Three years since that traffic stop outside San Antonio, thousands of rape kits remain untested in Texas. Since 231 law enforcement agencies did not respond to a recent statewide audit, the true number of kits is impossible to tell. Even still, the Texas Department of Public Safety (DPS) says there are currently 3,510 kits being tested across the state. That list does not include two separate backlogs in Dallas County, which is not part of the DPS system. The first Dallas backlog includes 1,000 kits collected from 1996 through 2011, while the second, which includes around 900 kits, ranges from 2011 to 2019.

Meanwhile, many states, including Florida, have cleared their backlogs entirely without implementing the same level of rape kit reform as Texas.

"One kit on the shelf is too many,” Masters says. “That's somebody's life hanging in the balance. That's a rapist on the streets who is free and thinking they can violate someone else."
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Lavinia Masters gave her name and energy to a bill from the Texas Legislature in 2019 meant to eliminate the backlog of untested rape kits in the state. The backlog remains, and Masters is still fighting.
Mike Brooks


In 2011, a statewide backlog of more than 18,000 untested rape kits gained national headlines and prompted action from lawmakers like former Sen. Wendy Davis. Davis’ work helped significantly decrease that backlog (by 2019, for instance, the DPS backlog had about 3,000 untested rape kits) but the number of rapes far outpaced the speed at which labs could process new and existing kits.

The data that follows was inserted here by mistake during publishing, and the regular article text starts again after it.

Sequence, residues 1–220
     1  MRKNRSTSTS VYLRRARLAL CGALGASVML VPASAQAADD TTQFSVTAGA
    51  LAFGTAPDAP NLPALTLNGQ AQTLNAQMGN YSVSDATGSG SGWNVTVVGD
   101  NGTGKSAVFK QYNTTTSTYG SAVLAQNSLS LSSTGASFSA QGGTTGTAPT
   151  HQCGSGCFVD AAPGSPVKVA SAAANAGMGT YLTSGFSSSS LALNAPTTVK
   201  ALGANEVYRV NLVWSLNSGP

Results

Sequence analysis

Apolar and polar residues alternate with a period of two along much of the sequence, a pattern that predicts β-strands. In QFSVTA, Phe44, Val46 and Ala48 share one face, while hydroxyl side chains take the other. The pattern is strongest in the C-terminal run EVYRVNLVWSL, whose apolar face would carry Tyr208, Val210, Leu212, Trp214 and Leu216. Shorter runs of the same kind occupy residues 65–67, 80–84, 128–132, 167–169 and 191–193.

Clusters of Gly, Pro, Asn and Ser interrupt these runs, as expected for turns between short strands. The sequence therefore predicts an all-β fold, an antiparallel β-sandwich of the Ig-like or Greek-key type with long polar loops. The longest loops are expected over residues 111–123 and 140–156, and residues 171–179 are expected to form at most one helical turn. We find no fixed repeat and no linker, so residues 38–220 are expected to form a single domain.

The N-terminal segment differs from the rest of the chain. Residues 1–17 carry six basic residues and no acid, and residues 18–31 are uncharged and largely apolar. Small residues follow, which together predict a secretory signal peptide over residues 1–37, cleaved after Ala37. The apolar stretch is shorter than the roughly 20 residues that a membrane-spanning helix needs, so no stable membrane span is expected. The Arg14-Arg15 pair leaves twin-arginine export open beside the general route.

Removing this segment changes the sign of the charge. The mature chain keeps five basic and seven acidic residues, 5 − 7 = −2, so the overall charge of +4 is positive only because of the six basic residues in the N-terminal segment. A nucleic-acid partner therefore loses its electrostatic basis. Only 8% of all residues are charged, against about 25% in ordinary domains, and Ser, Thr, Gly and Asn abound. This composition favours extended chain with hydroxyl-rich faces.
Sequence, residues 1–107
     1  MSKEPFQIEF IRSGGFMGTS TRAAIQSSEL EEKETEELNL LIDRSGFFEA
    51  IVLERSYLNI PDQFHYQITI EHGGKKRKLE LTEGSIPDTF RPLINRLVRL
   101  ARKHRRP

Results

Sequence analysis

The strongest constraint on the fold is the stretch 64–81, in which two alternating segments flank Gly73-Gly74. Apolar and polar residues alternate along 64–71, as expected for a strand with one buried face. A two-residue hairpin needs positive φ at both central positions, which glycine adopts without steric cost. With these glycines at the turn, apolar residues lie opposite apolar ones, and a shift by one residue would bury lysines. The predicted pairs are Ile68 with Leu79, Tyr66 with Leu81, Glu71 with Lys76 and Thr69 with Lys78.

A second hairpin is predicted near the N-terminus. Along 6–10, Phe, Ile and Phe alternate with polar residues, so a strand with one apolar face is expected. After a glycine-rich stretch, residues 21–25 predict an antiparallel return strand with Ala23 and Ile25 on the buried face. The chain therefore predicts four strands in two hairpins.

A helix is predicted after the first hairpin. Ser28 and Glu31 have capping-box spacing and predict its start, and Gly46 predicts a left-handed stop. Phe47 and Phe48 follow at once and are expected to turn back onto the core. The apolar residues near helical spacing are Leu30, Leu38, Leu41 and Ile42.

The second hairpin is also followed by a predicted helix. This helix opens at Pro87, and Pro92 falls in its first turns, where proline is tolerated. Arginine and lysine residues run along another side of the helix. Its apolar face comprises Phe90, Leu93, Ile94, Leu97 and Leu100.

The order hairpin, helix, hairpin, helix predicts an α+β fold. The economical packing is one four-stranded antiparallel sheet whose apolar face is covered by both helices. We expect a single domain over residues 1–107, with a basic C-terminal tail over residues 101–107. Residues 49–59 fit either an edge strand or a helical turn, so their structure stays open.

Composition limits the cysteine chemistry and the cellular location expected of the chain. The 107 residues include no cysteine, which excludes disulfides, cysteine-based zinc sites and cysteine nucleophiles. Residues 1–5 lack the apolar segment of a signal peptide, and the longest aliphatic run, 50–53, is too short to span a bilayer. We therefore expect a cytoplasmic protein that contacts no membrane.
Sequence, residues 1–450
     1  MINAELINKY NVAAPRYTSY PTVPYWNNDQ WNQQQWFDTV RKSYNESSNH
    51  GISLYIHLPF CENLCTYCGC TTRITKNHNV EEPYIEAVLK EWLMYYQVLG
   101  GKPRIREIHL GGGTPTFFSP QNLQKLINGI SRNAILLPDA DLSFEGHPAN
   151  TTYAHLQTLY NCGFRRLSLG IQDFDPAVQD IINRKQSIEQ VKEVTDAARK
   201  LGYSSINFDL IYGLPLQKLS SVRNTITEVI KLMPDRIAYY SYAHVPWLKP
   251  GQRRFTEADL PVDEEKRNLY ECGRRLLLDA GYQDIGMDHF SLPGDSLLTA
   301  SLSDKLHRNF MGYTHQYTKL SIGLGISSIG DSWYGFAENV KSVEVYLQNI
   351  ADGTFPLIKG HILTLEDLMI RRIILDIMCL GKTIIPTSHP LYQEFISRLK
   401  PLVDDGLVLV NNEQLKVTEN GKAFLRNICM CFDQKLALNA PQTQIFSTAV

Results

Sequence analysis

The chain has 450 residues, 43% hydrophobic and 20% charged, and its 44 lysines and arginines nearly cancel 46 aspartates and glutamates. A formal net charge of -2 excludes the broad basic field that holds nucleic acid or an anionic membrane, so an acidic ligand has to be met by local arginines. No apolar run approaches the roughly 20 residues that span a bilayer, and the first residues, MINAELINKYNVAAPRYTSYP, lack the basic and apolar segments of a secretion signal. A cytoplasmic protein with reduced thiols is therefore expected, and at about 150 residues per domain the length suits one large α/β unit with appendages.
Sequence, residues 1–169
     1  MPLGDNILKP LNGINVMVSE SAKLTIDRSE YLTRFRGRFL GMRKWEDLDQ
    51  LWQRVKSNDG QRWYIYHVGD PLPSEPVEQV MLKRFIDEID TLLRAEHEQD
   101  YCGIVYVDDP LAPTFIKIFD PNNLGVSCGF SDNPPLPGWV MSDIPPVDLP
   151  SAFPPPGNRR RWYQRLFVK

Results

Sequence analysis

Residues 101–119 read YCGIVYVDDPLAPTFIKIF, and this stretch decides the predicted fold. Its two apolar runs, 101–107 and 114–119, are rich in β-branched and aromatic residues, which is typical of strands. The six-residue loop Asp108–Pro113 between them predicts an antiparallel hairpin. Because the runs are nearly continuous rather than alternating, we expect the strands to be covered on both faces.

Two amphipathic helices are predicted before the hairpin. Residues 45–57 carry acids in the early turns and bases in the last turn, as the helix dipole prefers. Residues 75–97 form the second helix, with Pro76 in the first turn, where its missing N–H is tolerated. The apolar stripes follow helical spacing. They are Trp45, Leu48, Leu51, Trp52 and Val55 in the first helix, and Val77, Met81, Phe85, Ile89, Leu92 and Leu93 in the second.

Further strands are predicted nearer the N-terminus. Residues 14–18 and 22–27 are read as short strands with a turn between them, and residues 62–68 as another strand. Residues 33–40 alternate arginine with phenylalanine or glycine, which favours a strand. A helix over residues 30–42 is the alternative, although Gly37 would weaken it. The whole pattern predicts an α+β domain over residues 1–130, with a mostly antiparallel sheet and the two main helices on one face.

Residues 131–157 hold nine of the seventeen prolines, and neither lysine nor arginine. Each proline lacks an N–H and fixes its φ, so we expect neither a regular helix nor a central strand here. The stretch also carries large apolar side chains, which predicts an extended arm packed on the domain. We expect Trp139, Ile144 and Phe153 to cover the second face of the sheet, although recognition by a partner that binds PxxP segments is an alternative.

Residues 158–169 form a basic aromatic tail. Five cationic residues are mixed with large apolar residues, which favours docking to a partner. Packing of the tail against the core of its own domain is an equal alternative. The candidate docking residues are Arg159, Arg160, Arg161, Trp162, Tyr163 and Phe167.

The Lavinia Masters Act was passed to solve this problem.

Among other things, the law, which went into effect in September 2019, requires labs to process a kit within 90 days of receipt. The bill came with a $50 million investment from the state, with the bulk of that money intended for more staff and equipment. Further, as Masters puts it, the bill “stops the clock.” Now the countdown to the end of the statute of limitations for a rape charge doesn’t even begin until the kit is tested. This provision was especially important to Masters, who, in 1985, was raped by knifepoint in her Dallas home. She was 13 years old, and her rape kit sat on a shelf for 20 years.